Reports such as those of Professor Heyns and Ben Emmerson and an earlier report (2010) by Philip Alston (see here) only serve to highlight the uncertainties existing in international law with regard to use of force in self-defence particularly where the action is pre-emptive.
The killing of Khan brings together several areas of difficulty: it was a pre-emptive strike and took place in a Sovereign State (Syria) and Khan was a non-State actor.
Serious concerns have been raised by the Rapporteurs but their reports do not go so far as to say that a killing such as that of Reyaad Khan would inevitably be unlawful. In this penumbra, national decision-makers have to operate and they will be faced with difficult decisions. As Mr Cameron said in Parliament - "I am not prepared to stand here in the aftermath of a terrorist attack on our streets and explain to the House why I did not take the chance to prevent it, when I could have done."
Philip Alston - 2010:
Alston's report (in 2010) said that "outside the context of armed conflict, the use of drones for targeted killing is almost never likely to be legal (para 85) and, outside of actual hostilities, there are few situations where the test for anticipatory self-defence would be met (para 86). It is clear that the UK (and some other States) are engaged in armed conflict against ISIS. Air strike action within Iraq was approved by the House of Commons in 2014 and, at that time, the government reserved a right to act against Islamic State within Syria in an emergency.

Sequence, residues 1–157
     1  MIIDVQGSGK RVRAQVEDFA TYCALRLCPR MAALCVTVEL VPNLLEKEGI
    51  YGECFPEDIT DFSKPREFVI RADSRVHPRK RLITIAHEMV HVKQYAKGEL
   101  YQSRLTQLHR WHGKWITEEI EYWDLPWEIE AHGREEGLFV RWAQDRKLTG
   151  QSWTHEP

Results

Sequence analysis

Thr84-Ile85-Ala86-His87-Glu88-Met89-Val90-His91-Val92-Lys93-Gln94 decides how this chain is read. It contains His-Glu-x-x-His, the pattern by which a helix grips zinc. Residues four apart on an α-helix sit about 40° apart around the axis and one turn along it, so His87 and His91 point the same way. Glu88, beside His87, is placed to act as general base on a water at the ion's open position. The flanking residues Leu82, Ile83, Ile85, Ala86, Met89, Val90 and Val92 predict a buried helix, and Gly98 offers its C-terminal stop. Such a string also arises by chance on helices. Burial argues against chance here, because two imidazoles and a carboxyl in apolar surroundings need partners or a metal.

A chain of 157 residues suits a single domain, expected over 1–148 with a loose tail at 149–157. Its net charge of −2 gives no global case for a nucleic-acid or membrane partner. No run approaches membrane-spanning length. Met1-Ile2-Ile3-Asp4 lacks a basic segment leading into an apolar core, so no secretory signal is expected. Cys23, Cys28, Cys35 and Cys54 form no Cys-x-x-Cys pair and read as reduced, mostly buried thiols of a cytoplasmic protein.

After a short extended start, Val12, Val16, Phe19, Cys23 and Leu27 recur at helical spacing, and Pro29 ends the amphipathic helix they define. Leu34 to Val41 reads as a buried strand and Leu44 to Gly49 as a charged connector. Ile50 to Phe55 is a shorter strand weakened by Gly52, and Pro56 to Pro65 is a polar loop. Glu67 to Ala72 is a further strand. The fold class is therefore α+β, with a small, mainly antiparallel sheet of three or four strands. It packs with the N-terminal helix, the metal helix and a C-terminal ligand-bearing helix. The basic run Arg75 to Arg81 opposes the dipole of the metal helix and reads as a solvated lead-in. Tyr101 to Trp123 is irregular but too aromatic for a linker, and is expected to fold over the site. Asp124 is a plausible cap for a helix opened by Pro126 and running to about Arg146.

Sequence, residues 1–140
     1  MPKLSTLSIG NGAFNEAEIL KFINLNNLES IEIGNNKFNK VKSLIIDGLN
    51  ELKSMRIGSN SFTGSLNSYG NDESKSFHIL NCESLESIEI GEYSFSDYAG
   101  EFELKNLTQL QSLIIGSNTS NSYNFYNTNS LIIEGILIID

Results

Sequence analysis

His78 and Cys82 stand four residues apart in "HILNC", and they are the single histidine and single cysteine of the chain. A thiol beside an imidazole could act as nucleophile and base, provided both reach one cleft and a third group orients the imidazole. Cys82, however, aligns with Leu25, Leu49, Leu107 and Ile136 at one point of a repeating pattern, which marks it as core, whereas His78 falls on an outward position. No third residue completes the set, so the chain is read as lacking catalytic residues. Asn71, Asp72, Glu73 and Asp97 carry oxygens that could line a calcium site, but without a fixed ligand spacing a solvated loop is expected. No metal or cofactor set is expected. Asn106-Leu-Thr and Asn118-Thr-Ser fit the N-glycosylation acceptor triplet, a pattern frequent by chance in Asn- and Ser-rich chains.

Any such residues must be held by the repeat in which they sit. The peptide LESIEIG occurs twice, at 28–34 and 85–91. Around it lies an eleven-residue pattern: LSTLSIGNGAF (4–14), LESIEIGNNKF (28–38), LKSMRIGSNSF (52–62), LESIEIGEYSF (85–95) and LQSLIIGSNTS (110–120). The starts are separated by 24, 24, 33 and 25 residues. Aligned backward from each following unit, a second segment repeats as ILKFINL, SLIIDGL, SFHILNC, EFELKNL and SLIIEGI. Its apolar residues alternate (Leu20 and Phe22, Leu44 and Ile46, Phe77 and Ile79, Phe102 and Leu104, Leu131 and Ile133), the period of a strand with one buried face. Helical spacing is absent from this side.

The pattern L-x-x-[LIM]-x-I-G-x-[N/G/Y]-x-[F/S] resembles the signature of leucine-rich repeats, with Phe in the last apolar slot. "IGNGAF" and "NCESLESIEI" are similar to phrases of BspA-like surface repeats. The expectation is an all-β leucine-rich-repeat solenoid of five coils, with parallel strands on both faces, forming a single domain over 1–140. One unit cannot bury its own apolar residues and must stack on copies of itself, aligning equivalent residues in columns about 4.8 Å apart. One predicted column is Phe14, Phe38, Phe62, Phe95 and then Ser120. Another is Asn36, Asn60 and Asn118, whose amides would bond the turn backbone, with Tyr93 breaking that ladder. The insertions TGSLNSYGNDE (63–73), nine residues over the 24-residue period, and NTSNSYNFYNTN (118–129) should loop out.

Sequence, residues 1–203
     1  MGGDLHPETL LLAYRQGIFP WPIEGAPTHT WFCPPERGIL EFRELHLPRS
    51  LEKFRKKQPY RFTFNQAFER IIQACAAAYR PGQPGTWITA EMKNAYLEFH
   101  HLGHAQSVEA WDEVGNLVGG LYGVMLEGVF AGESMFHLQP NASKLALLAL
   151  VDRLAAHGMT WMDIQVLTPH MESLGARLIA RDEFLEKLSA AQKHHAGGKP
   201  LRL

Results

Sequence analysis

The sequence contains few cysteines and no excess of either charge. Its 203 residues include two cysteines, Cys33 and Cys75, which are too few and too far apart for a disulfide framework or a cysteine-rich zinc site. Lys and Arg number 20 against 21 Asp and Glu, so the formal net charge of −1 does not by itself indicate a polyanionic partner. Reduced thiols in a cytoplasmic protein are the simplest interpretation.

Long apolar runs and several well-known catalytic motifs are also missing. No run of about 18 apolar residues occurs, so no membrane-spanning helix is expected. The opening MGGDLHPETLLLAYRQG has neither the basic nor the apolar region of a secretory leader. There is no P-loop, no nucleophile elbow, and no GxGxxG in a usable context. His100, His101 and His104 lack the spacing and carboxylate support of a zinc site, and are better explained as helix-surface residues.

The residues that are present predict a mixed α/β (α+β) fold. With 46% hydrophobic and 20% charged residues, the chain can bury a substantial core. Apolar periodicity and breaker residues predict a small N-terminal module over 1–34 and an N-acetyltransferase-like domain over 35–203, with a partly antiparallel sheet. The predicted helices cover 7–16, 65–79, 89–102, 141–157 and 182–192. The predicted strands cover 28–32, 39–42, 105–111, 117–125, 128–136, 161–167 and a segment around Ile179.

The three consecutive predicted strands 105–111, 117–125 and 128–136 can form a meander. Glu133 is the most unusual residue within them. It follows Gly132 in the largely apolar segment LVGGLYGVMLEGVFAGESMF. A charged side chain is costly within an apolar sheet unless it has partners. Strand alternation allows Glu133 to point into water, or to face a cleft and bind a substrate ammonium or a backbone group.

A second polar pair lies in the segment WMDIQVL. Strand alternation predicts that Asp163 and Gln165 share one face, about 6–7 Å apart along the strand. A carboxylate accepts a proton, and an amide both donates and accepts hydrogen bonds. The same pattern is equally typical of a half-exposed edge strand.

a) Given the obvious fact that many more States and even non-State actors will acquire drones for military use, it is incumbent on international bodies to bring forward answers to the various uncertainties highlighted in the reports.
b) The report by Professor Heyns called for States to ensure meaningful oversight of the use of drones and, where appropriate, investigation and accountability as well as reparations for their misuse. Philip Alston's report also pointed to lack of transparency by States in "disclosing the safeguards in place to ensure that killings are lawful and justified and the accountability mechanisms that ensure wrongful killings are investigated, prosecuted and punished" (Alston, 2010 para 87). At para 89, Alston indicated some safeguards that should be in place. Keir Starmer QC MP has recently called for drone strikes to have independent scrutiny and transparency. The Guardian 8th September- Drone strikes in Syria must have independent Scrutiny and Transparency
Clearly, achieving accountability would be difficult given that a lot must inevitably remain secret. Nevertheless, as Keir Starmer has argued - "Accountability also requires some form of after-the-event scrutiny of each strike. While it may not be possible for such scrutiny to be wholly in the public domain, someone independent and standing outside the decision-making team must have a line of sight on the evidence and be able to form a view on the legality of the action and/or whether the policy in force was followed. His or her conclusions should then be published."
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Ben Emmerson QC
Professor Christof Heyns
Here are some links to articles relating to Non-State actors.
Peace Palace Library - Non State actors
Application of international law to non State armed groups
Audio-visual library of international law - Rethinking the role of Non State actors